The "Perfect" Family: My Experience
What is the "perfect" family? Ask this question in terms of gender arrangement, and you'll almost surely be overwhelmed with people telling you that you must have at least one child of each gender to be "complete." Many families, including my own, have felt pressure to achieve a certain family structure. Since becoming a parent, I've often been surprised at the occurrence of something I've come to know as "gender disappointment" and how these feelings seem to rub off on other people.
When I found out that we were expecting our second child in the spring of 2011, I was just ecstatic! We had been trying for a few months, and we wanted our children to be close in age (they're 23 months apart) so that they would be able to play and grow up together. Up to this point, I had honestly not put much thought into what gender I might prefer, but I was quickly met with an onslaught of questions about what gender I wished our unborn to be.
"Are you hoping for a girl this time?" is something I was asked dozens of times by family, friends, and even people I had just met. My typical answer to this question usually included something about how a girl would be great, but it would be just as great for our son to have a brother. I honestly didn't care much either way, but it seemed that not having a preference was not allowed.
When the day of the big anatomy scan finally arrived, I could hardly contain my excitement! I know a lot of people like to wait for birth to find out, but not me! I'm a planner, and I don't care much for surprises. "It's a boy!" the technician told us with a smile. My husband and I shared huge beaming smiles. By the time we got in the car I was chomping at the bit to inform everyone I know that we were having another boy!
My excitement to let others in on our good news quickly diminished with every person I told. Each "You'll just have to try for a girl next time" or "You're really going to have your hands full with 2 boys!" made me more and more hesitant to tell people. I found that the less people seemed to approve, the less enthusiastic I became when questioned about what we were having. I started feeling as though maybe I should feel disappointed by this. That the way I should be feeling was sad because I'd be missing out on the "experience" of having a girl.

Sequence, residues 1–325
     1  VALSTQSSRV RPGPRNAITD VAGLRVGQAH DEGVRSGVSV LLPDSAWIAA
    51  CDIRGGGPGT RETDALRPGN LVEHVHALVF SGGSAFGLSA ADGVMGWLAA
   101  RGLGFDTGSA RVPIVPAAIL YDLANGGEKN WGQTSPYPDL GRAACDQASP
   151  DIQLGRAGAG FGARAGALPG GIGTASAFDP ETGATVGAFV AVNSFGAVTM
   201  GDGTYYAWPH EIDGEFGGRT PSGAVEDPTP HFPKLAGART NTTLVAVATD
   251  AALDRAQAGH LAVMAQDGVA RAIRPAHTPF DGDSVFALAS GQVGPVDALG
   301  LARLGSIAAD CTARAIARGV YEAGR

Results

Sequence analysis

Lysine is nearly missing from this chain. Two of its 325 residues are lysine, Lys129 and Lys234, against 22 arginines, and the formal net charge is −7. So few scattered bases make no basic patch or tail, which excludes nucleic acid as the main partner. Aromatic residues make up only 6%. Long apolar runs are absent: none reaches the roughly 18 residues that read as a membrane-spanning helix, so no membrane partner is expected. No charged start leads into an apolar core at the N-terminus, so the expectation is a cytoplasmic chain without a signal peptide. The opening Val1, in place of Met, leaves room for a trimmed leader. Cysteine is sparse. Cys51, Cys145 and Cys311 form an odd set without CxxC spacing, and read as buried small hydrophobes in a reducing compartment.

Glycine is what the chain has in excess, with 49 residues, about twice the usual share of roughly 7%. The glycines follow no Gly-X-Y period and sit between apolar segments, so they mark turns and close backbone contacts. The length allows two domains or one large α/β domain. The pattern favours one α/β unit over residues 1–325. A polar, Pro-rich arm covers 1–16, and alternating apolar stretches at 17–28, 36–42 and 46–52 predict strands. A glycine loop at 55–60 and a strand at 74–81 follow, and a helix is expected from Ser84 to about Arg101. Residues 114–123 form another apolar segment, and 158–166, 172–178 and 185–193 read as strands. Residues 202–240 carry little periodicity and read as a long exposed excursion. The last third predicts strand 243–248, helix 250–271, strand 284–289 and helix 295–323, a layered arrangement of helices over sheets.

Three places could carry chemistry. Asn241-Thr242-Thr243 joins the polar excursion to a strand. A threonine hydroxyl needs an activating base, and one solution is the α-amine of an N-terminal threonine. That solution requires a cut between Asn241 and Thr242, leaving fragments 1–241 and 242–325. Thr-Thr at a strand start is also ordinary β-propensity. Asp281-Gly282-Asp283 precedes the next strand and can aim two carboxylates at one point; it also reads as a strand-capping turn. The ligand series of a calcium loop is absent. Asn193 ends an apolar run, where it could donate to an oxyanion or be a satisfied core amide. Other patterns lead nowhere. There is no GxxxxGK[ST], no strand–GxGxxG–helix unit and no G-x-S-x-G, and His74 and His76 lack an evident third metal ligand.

For a brief time, the pressure to have a girl even made me revisit our plan for only 2 children. Maybe we SHOULD try for a girl. My husband however, had his mind made up already. We agreed that 2 children was the right amount for our family, and after the second there would be no more! Did I mention that I'm a planner? Well so is my husband! It didn't matter anyway as shortly after our conversation, our second baby boy was in my arms. Our family was complete, and, in our eyes, perfect.
As I'm sure you have gathered, I think that my family is perfect in it's current configuration. Apparently though, other people don't share my opinion, and feel the need to let me know about it. The worst is when we're out grocery shopping with the boys, and a random person says, "Now you need to have a girl." I wish I were joking, when I say that this happens to us at LEAST once a month! With that kind of frequency, I know we can't be the only parents out there experiencing this. I try to laugh and be agreeable, or just say something like, "Oh, I don't think so," and smile. I do this because I know they don't mean any harm by the things they say, but every now and then I find myself wishing that I could say how I really feel, without the risk of sounding defensive.
Have you ever felt pressure to have a child of a specific gender?
Where Should We Draw The Line?
So where does this obsession with gender come from? Why can't we just be happy with the children we are blessed with? I don't think there's any single, easy answer for these questions. Some people believe that a male heir is important to carry on the family name. For others, they believe that no child can love their parents the way a daughter does.
With all of the pressures from society to fit into a cookie-cutter family mold, where do we draw the line? In some countries where male children are considered desirable, female children are either aborted, or killed shortly after birth. Right here in the United States people spend tens of thousands of dollars to select the gender of their children before they are implanted in their uterus. The process known Preimplantation Genetic Diagnosis, or PGD, being used for "family balancing" has been a subject of debate for years. In fact nearly half of all people receiving the treatment are not getting it for medical reason, but for gender planning. Is this really necessary?
This post is is strictly about my own personal feelings, experiences and frustrations with gender preference. It is not meant to offend anyone who has ever felt disappointed by their child's gender. Just because I don't share those feelings, doesn't mean that I don't understand how someone else could.